Thanks for your response. I’m watching you in these videos and you’re totally rockin it dude! I’ve been doing tons of handyman work for hundreds of clients over the past 6-7 years and I’m about to graduate from a trade school for carpentry here in New York. Soon after, I will obtain my Home Improvement Contractor’s license and embark on a new career of kitchen and bathroom remodeling.
Two major concerns when remodeling in this area are the large number of super old buildings and tons of scrappy patch work and renovations that have been done on them. Many units here have 3-4 levels of drywall on top of plaster on top of brick in a wide variety of combinations. Virtually no room in any building is plum or square unless the building is brand new. So I’m anticipating asking many questions in the future about fixing joists in old co-op buildings, with separately owned condos.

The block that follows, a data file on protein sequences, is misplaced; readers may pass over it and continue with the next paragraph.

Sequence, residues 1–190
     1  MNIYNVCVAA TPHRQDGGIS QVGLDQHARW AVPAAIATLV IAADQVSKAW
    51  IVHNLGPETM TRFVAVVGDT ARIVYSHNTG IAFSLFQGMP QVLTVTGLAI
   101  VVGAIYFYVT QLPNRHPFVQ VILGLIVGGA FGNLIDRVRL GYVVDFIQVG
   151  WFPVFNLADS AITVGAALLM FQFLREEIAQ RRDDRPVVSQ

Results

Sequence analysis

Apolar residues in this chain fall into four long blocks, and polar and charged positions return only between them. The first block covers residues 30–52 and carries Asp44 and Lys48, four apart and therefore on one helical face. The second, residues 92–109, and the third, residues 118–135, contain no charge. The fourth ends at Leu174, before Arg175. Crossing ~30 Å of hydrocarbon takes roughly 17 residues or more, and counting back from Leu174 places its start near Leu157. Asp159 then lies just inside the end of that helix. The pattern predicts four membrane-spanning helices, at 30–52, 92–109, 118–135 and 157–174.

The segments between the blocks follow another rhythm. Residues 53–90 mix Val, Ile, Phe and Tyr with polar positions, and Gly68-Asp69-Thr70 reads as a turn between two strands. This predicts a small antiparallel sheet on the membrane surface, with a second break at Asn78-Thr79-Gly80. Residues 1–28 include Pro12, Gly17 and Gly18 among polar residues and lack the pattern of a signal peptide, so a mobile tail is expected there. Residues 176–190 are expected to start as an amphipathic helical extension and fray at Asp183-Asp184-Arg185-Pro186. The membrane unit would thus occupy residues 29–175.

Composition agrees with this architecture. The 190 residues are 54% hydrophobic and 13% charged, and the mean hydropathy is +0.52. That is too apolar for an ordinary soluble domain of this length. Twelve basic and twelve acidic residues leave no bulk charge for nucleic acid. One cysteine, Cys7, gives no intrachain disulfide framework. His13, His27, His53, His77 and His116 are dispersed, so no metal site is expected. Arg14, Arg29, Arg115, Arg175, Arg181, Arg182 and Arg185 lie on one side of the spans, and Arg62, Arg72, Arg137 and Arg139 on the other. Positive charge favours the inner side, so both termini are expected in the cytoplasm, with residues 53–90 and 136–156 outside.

My trade school covers basic industry practices for building new single family homes, (carpentry, plumbing and electric), as well as important local and nationwide building codes which are essential to us. However, it does not specifically address the finer points of home renovation. There are tons of shady contractors here who take people’s money and do shoddy or incomplete work. As a USMC veteran, I am determined to soak up as much knowledge as I can from other industry professionals to always do my customers right.
So the two questions that I have for you are:
a) Why do you use mortar on the sub-floor for the Kohler Acrylic Archer Bathtub, but not for the American Standard or the Bootz Steel?
b) Why did you drill through the tub and into the studs for the Kohler Acrylic Archer and not for the other two? (Was that just to show different ways of installing a tub? Can these procedures be mixed and/or swapped randomly?